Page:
I woman taking a deep breath.

Breathing – why it’s so important.

The way we breathe is intricately linked to the way our body functions. We take about 26,000 breath’s a day and it’s a very automatic process established at birth. Unfortunately the way we breathe is often disordered, leading to some aspect of physical dysfunction. This often creates symptoms such as: tiredness, stress, anxiety or breathing problems such as asthma.

Why work on your breath?

Most people breathe too fast, too shallow and inhale too much air. Mouth breathing is also common and requires retraining. Poor breathing patterns lead to poor oxygenation of your tissues and cells and this impacts the body’s physical function. To change how we breathe takes awareness, attention and practice. I coach clients to breath low, slow and deep.

Eastern philosophies such as yoga and Tai Chi have always taught that breathing is a key component of health. In the West we have never been taught to address it. With this programme of exercises you will learn the science and the practice from a fully qualified instructor. To get started and book to retrain your breathing please click the button below.
Enquire now

Benefits of breath training

When you focus on your breath you change your brain waves. When you retrain your breathing you oxygenate your body which enables it to relax and function properly.

Working with your breath also stimulates your vagus nerve. The vagus nerve connects every organ in your body, so when you retrain your breath you start to manage your autonomic nervous system. This includes things like your digestion; breathing; cardiovascular function and reflex actions. It also connects your brain, your heart and your digestive system making it a critical factor in mental well-being.

Training yourself to breathe well can therefore impact physical, mental and emotional wellbeing.

The science

Breathing is a complex process involving three key components which the exercises I teach are designed to address:

  • The mechanical act of breathing in and out – ventilation
  • The exchange of oxygen and carbon dioxide with the blood – perfusion
  • The release of oxygen from the blood to the tissues and the transfer of carbon dioxide from the tissues to the blood – cellular respiration.

I teach a lot of the science as I teach you the breathing exercises. You can also download my ‘top five myths’ about breathing here. 

Download PDF
Kiesel, P.T. et al (2017) Development of a screening protocol to identify individuals with dysfunctional breathing. The International Journal of Sports Physical Therapy 12(51), DOI: 10.16603/ijspt20170774 
Djupesland, P.G. et al. (1999) Nitric oxide in the nose and paranasal sinuses – respiratory tract physiology in a new perspective; Tidsskr Nor Laegeforen 119(27); pp.4070-4072.
Bryan NS, et al. (2017) Oral microbiome and nitric oxide: the missing link in the management of blood Pressure. Current Hypertension Reports:19(4):33.
Stephan BCM, et al. (2017) Cardiovascular disease, the nitric oxide pathway and risk of cognitive impairment and dementia; Current Cardiology Reports: 11;19(9):87.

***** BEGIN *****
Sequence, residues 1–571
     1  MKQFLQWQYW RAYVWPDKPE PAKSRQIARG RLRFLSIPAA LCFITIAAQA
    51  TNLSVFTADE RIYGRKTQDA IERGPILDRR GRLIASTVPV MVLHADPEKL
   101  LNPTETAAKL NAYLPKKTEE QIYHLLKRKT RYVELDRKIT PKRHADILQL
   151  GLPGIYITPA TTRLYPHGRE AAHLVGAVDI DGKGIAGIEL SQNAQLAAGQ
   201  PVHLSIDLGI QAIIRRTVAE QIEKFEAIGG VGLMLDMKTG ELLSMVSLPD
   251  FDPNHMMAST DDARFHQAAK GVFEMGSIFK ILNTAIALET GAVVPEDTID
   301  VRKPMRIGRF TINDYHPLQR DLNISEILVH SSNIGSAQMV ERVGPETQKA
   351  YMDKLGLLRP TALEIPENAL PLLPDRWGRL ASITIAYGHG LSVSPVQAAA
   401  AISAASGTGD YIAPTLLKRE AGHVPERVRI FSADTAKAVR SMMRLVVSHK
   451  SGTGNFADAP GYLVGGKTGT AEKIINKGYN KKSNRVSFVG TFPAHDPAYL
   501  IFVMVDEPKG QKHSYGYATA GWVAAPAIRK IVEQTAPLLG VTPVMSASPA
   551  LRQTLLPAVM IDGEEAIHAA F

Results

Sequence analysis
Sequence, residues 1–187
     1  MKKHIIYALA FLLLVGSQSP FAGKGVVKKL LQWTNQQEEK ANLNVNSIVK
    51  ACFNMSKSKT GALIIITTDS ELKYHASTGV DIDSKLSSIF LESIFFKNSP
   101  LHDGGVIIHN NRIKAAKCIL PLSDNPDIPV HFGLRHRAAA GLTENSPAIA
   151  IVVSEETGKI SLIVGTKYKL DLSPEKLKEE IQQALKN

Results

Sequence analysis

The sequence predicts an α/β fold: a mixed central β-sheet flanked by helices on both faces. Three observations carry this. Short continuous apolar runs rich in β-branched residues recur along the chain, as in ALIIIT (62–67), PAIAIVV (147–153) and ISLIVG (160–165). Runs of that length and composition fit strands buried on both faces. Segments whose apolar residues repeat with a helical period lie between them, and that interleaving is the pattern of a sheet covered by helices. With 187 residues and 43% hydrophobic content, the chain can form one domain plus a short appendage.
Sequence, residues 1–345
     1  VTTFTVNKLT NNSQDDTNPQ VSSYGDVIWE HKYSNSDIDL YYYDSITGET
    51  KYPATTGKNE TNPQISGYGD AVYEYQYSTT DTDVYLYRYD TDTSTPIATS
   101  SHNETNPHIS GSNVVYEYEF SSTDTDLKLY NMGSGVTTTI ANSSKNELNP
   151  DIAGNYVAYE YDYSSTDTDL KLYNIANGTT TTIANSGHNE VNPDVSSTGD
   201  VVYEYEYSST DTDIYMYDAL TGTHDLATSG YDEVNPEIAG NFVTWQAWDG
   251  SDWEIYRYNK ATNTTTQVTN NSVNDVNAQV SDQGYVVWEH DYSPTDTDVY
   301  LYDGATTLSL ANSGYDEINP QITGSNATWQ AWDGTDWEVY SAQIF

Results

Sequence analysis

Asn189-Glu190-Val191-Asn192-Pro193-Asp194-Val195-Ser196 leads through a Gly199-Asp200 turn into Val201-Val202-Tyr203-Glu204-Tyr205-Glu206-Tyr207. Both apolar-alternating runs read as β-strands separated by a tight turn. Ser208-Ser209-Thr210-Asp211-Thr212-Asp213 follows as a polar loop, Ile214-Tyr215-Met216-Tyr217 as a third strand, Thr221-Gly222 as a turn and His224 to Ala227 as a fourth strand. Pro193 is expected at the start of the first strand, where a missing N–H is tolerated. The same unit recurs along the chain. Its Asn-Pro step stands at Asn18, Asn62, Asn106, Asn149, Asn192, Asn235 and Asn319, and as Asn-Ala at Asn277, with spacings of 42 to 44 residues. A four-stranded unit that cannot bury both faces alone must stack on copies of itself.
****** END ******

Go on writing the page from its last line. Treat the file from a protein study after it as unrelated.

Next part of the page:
Maximising sports performance through breathing

Breathing for sport performance

  • Improve running economy & running time
  • Reduce breathlessness whilst running
  • Achieve your personal best
  • Delay lactic acid & fatigue
  • Prevent gassing out too soon
  • Push your limits
  • Improve repeat sprint ability
  • Improve aerobic capacity
  • Improve respiratory muscle strength
  • Simulate high altitude training

The training

A basic programme is usually 4 x 1 hour sessions. This gives me enough time to assess your breathing, teach you the science and the practical exercises to retrain your breathing, as well as track your progress. Depending on your level of health and fitness we may be able to start working on your sports and exercise performance. This stage of the programme uses exercises which simulate high altitude training to teach the body to do more with less. This improves athletic performance for both recreational and professional sports people.

Is it for me?

I train all kinds of people from all walks of life. The best way to find out is to make an enquiry or just give me a call on 07740 876233. You can also fill out the breathing questionnaire below to get some feedback on your breathing.
Enquire now
Sleep issues Breathing issues

Signs and symptoms that your breathing is disordered

Signs that your breathing may be disordered or that you need to improve your breathing include.

  • Feeling tense
  • Cold hands and feet
  • Hayfever and allergies
  • Frequent sighs and yawns
  • Poor sleep
  • Mouth breathing at night (dry mouth in morning)
  • Exercise induced breathlessness or asthma
  • Snoring
  • Frequent muscoskeletal injury
  • Low BOLT score

Do you struggle with any of these issues? 

Training the breath stimulates the vagus nerve and improves vagal tone. Scientific studies have confirmed that this develops greater resilience to stress. There is a clear connection between how we breathe and nervous system function. Focusing on the breath, calms the body and feedback from the body influences the heart and the brain and therefore the mind. This lowers anxiety as well as providing techniques to intervene when feelings of panic are triggered.